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The Interpreter's Tale: A Word With Too Many Meanings

by E. M. Epps

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1011,256,605 (3)None
As a linguist and military interpreter, Eliadmaru Faraa has always been a supporting character in other people's stories. And so far, that's been just fine with him: it's words he loves, not swordplay or affairs of state. Now he's been asked for help by the Emperor's nephew. Together, along with an irritating ambassador and a sorceress with a secret and a high sex drive, they aim to save an ailing princess and stop the trade of weapons to the border war. Which is more difficult-not disgracing himself during a touchy negotiation, winning back his boyhood sweetheart, or translating his lovelorn teenage boss's amateur poetry? He'll soon find out.... THE INTERPRETER'S TALE is the only fantasy novel ever told from the perspective of a diplomatic interpreter: a role both ubiquitous and vital in the real world, but thoroughly neglected in both realistic and speculative fiction-until now.… (more)
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This is a complicated, detailed novel. It's relatively slow-paced, and necessarily formal. But I can't say whether I enjoyed it or not. The main character is real and complex and behaves in every sense as an actual person would. The surrounding characters varied from complex down to cardboard. The story was easy to read and held my attention throughout.

It's about an interpreter who is solicited for a risky diplomatic mission by a young royal. They have little hope of getting what they're going to ask for, their company is entirely volunteer and their only bargaining point is that they think they can heal the foreign king's daughter. Our main character is neither hero nor antihero. He ends up having to do all of the translation for both sides of the negotiations, which is evidently a great deal of work and a large responsibility. He is neither recognized nor rewarded for this nor does he think he should be; it's just his job to him.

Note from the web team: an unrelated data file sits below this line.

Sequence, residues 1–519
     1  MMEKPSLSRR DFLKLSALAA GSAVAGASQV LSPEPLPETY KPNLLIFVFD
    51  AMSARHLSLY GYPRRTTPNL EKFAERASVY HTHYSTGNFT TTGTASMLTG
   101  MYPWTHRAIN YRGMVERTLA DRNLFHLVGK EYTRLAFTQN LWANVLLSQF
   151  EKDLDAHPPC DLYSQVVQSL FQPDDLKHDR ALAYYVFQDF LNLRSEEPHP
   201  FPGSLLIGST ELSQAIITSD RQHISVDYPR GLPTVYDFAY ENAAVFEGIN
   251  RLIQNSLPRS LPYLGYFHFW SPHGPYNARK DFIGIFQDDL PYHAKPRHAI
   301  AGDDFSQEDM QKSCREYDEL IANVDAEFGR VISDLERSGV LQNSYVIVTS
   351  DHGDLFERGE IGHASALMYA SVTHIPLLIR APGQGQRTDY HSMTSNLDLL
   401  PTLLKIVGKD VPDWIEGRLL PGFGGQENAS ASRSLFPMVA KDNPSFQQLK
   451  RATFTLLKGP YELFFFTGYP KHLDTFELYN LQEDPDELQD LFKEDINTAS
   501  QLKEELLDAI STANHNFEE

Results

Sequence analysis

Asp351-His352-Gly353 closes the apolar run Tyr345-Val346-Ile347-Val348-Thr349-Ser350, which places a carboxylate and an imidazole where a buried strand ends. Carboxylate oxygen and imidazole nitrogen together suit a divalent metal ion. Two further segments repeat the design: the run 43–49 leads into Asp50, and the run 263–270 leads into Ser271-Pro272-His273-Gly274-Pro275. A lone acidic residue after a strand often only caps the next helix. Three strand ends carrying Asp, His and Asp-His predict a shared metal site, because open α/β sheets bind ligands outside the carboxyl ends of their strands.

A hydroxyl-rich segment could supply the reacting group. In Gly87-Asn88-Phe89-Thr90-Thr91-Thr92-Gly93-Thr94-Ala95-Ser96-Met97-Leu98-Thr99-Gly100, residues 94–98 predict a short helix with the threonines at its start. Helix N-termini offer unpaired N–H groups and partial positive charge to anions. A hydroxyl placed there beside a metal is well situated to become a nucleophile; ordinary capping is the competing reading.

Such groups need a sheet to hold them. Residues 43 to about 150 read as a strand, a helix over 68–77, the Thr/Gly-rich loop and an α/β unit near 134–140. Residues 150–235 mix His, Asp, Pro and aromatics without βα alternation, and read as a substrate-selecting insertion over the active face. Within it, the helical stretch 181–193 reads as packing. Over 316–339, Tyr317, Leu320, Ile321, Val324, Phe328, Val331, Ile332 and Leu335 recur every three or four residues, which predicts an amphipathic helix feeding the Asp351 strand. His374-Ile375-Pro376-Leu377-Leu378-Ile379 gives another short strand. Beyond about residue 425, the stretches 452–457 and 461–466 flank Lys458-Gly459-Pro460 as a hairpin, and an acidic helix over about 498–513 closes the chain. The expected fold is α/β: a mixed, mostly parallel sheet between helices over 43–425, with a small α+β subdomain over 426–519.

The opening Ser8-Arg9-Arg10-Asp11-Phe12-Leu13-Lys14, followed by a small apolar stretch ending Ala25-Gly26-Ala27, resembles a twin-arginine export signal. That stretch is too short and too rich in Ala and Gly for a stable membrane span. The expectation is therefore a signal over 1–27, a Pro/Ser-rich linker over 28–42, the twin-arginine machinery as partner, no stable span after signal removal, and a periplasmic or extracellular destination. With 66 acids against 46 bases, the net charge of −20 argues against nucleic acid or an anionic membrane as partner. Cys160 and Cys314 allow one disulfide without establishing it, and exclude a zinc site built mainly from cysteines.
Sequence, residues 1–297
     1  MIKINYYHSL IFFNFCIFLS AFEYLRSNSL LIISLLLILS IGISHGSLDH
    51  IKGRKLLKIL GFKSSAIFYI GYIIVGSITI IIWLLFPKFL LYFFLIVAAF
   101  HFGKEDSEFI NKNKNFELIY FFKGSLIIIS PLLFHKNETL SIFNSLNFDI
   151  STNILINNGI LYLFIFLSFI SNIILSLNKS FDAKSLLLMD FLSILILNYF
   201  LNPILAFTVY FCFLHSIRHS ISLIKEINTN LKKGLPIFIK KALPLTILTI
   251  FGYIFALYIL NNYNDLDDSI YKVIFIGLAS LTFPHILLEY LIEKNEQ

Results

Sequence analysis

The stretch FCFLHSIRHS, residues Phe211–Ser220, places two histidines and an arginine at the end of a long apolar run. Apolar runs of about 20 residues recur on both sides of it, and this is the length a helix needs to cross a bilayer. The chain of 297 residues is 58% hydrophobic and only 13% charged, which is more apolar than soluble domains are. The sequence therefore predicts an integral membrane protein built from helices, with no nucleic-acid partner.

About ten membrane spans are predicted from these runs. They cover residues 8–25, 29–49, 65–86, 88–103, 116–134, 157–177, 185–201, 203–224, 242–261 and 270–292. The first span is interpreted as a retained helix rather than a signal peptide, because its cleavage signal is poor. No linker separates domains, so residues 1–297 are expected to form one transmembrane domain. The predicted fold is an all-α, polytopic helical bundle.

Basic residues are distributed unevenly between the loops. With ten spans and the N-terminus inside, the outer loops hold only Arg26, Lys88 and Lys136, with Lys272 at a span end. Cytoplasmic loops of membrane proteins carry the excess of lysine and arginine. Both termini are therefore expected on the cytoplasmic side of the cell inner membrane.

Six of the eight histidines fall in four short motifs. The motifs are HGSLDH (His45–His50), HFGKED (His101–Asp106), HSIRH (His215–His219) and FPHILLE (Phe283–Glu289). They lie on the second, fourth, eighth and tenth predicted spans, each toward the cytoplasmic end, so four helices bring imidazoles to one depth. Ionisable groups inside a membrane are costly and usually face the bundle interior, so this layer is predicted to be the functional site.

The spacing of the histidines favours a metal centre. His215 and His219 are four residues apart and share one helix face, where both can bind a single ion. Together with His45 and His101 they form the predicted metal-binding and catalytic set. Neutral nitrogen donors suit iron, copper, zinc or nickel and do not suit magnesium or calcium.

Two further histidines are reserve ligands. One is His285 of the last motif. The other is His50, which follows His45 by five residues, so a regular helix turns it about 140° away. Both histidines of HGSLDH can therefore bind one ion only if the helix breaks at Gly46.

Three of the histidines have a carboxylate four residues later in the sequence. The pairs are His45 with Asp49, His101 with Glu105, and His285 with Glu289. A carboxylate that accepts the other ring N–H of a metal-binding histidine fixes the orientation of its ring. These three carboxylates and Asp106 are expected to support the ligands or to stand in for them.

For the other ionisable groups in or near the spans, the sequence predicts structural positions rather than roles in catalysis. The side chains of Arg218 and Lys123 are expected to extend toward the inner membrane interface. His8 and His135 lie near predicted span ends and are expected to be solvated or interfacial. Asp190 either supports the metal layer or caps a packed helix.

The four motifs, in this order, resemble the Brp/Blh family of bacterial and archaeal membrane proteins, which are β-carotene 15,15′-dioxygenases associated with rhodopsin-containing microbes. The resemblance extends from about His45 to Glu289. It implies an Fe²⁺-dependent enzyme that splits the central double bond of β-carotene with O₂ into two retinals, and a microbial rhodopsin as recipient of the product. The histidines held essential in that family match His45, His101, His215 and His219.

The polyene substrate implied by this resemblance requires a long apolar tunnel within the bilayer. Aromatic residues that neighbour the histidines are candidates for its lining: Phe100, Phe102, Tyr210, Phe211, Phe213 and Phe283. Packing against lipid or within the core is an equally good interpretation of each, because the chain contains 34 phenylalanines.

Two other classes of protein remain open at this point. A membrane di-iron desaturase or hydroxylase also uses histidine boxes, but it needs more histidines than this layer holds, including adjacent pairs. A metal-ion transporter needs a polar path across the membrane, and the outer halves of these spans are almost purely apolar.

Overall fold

The other major characters are the sorceress/bodyguard/healer and the ambassador who speaks the foreign language quite poorly. And, oh yes, the interpreter's love interest, the girl he left behind who doesn't want to marry him and who is pining after a married man.

The story follows the negotiations and the love story, but isn't a love story, if you know what I mean. It's simply a solid, well-told tale. I'd rate it higher if I could say I could narrow down how I feel about the book, but I can't.

I received an electronic copy of this book in exchange for an honest review. ( )
  deshanya | Feb 24, 2015 |
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As a linguist and military interpreter, Eliadmaru Faraa has always been a supporting character in other people's stories. And so far, that's been just fine with him: it's words he loves, not swordplay or affairs of state. Now he's been asked for help by the Emperor's nephew. Together, along with an irritating ambassador and a sorceress with a secret and a high sex drive, they aim to save an ailing princess and stop the trade of weapons to the border war. Which is more difficult-not disgracing himself during a touchy negotiation, winning back his boyhood sweetheart, or translating his lovelorn teenage boss's amateur poetry? He'll soon find out.... THE INTERPRETER'S TALE is the only fantasy novel ever told from the perspective of a diplomatic interpreter: a role both ubiquitous and vital in the real world, but thoroughly neglected in both realistic and speculative fiction-until now.

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